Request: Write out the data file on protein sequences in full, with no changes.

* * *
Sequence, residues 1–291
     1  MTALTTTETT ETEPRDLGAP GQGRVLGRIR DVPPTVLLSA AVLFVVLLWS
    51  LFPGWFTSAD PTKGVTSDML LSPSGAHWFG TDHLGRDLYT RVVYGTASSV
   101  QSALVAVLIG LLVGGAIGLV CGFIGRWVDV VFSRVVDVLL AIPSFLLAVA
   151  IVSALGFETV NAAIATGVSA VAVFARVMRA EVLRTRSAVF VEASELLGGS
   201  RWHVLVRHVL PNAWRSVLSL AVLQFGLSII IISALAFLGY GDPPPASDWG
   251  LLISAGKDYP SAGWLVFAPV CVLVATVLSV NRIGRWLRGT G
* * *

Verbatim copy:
Sequence, residues 1–291
     1  MTALTTTETT ETEPRDLGAP GQGRVLGRIR DVPPTVLLSA AVLFVVLLWS
    51  LFPGWFTSAD PTKGVTSDML LSPSGAHWFG TDHLGRDLYT RVVYGTASSV
   101  QSALVAVLIG LLVGGAIGLV CGFIGRWVDV VFSRVVDVLL AIPSFLLAVA
   151  IVSALGFETV NAAIATGVSA VAVFARVMRA EVLRTRSAVF VEASELLGGS
   201  RWHVLVRHVL PNAWRSVLSL AVLQFGLSII IISALAFLGY GDPPPASDWG
   251  LLISAGKDYP SAGWLVFAPV CVLVATVLSV NRIGRWLRGT G